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Germany Considers First-Strike Cyber-Attacks

Germany’s interior minister is calling for a rules change that would allow for its cyber-forces to proactively attack foreign hackers and servers.

Such a capability could be used against those targeting critical infrastructure, said Minister Thomas de Maiziere, in an interview with German outlet ARD and reported by Bloomberg.

He called for the drafting of new legislation that would make it legal to carry out first-strike activity in the instance of a clear and present danger. Germany’s armed forces already were adding a cyber-defense unit last week that by July will have a staff of 13,500, dedicated to defending against online attacks. New legislation would expand the scope of that operation.

“We need international rules, as well as in Germany, that aside from allowing protection and defense, will enable the tracing of and, if needed, the elimination of a foreign server,” De Maiziere said. He said that he hopes the decision will come shortly after the country’s upcoming federal elections in September.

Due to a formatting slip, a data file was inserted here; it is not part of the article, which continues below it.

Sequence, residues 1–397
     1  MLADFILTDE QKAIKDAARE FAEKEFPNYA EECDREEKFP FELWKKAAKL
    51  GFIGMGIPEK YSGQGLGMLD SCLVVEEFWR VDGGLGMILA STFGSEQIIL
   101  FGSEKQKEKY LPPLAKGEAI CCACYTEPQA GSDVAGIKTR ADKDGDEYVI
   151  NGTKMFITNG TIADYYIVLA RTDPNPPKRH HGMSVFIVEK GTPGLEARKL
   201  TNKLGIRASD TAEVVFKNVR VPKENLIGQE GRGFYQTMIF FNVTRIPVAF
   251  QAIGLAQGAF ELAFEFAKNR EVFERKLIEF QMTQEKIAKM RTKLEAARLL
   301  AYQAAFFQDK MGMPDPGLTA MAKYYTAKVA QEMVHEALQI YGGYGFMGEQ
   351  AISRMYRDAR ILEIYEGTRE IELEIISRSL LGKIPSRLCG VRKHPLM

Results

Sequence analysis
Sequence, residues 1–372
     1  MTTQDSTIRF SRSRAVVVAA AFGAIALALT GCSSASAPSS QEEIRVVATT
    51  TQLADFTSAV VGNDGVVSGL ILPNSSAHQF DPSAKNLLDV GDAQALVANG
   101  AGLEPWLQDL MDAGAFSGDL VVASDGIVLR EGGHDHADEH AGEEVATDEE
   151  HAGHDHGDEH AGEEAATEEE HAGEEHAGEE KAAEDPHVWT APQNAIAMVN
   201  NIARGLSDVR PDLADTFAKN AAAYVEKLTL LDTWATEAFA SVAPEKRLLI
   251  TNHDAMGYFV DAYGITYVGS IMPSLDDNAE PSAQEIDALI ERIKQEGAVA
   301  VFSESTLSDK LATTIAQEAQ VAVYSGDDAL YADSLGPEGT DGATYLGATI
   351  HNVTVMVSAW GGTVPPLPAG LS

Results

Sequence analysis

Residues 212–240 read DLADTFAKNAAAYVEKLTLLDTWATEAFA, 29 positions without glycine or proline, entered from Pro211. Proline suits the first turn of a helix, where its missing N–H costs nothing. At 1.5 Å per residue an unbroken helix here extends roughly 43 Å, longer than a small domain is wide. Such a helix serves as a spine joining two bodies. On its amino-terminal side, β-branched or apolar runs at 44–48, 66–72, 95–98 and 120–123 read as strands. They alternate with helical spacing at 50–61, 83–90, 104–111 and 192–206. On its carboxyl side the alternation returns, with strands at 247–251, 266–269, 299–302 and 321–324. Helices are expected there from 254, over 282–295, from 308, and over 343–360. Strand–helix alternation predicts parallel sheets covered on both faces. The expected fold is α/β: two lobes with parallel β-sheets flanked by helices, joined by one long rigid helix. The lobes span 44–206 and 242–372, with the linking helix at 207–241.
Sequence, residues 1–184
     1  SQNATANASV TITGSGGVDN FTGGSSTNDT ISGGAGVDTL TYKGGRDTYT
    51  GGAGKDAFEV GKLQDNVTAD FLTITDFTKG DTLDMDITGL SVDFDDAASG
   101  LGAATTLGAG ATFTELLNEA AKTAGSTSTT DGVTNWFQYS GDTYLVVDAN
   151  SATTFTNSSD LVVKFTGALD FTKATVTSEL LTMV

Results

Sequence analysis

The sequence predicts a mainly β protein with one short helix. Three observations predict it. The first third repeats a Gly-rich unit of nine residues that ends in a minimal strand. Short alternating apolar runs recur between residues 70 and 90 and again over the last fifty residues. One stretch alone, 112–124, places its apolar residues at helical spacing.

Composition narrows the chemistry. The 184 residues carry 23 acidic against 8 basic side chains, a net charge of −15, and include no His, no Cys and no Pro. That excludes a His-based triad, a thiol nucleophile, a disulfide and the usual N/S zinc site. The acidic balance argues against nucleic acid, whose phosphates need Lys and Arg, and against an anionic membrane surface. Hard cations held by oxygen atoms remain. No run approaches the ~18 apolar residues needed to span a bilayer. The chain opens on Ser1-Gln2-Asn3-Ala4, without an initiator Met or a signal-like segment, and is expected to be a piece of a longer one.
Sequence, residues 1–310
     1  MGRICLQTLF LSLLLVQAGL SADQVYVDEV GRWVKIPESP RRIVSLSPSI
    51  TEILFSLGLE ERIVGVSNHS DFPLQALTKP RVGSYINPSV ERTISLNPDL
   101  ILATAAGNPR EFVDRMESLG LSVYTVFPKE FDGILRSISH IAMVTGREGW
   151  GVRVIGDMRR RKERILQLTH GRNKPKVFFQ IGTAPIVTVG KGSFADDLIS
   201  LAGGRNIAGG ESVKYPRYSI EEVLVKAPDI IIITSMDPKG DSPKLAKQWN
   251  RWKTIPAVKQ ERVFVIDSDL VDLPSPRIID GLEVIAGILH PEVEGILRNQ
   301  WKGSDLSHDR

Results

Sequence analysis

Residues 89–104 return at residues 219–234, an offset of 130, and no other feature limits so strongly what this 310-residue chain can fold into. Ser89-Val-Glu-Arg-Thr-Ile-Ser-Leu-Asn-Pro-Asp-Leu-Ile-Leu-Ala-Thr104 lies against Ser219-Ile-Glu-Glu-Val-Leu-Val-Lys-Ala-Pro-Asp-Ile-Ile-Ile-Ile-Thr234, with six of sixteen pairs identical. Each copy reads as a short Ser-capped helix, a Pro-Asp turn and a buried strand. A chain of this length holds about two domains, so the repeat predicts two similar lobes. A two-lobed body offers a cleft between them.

The news comes amid growing concern that Russia may meddle with those elections, as it is suspected to have done in the United States.

Wolfgang Bosbach, a senior MP in Chancellor Angela Merkel's conservative CDU party, said late last year that "there is a general danger—for the Bundestag 2017 election too—of influence-peddling via targeted infiltration from outside, with the goal of manipulating facts or opinions.”

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